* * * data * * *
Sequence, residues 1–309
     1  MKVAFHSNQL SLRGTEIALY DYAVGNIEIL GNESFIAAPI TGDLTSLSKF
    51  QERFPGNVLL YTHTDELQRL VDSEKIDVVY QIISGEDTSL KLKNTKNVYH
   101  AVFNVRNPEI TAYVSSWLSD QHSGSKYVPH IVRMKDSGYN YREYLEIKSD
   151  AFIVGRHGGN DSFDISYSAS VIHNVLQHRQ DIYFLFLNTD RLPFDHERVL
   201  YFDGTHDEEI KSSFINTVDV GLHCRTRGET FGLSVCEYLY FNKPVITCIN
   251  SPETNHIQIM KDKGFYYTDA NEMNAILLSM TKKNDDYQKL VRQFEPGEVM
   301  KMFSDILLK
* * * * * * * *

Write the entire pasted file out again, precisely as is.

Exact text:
Sequence, residues 1–309
     1  MKVAFHSNQL SLRGTEIALY DYAVGNIEIL GNESFIAAPI TGDLTSLSKF
    51  QERFPGNVLL YTHTDELQRL VDSEKIDVVY QIISGEDTSL KLKNTKNVYH
   101  AVFNVRNPEI TAYVSSWLSD QHSGSKYVPH IVRMKDSGYN YREYLEIKSD
   151  AFIVGRHGGN DSFDISYSAS VIHNVLQHRQ DIYFLFLNTD RLPFDHERVL
   201  YFDGTHDEEI KSSFINTVDV GLHCRTRGET FGLSVCEYLY FNKPVITCIN
   251  SPETNHIQIM KDKGFYYTDA NEMNAILLSM TKKNDDYQKL VRQFEPGEVM
   301  KMFSDILLK